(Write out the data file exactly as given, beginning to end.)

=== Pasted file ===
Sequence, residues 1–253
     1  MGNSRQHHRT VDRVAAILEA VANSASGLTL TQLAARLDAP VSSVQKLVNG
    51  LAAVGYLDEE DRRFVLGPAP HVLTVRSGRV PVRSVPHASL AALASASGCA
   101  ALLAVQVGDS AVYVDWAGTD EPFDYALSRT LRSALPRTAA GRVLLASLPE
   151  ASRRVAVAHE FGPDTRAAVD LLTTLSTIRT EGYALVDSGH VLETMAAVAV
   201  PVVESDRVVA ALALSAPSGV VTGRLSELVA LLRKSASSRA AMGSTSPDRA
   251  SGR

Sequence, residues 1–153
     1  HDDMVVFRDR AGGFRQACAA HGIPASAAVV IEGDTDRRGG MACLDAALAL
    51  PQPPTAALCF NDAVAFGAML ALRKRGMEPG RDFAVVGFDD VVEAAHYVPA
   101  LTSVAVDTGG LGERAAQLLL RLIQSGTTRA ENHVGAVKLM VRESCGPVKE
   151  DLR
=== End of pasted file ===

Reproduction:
Sequence, residues 1–253
     1  MGNSRQHHRT VDRVAAILEA VANSASGLTL TQLAARLDAP VSSVQKLVNG
    51  LAAVGYLDEE DRRFVLGPAP HVLTVRSGRV PVRSVPHASL AALASASGCA
   101  ALLAVQVGDS AVYVDWAGTD EPFDYALSRT LRSALPRTAA GRVLLASLPE
   151  ASRRVAVAHE FGPDTRAAVD LLTTLSTIRT EGYALVDSGH VLETMAAVAV
   201  PVVESDRVVA ALALSAPSGV VTGRLSELVA LLRKSASSRA AMGSTSPDRA
   251  SGR

Sequence, residues 1–153
     1  HDDMVVFRDR AGGFRQACAA HGIPASAAVV IEGDTDRRGG MACLDAALAL
    51  PQPPTAALCF NDAVAFGAML ALRKRGMEPG RDFAVVGFDD VVEAAHYVPA
   101  LTSVAVDTGG LGERAAQLLL RLIQSGTTRA ENHVGAVKLM VRESCGPVKE
   151  DLR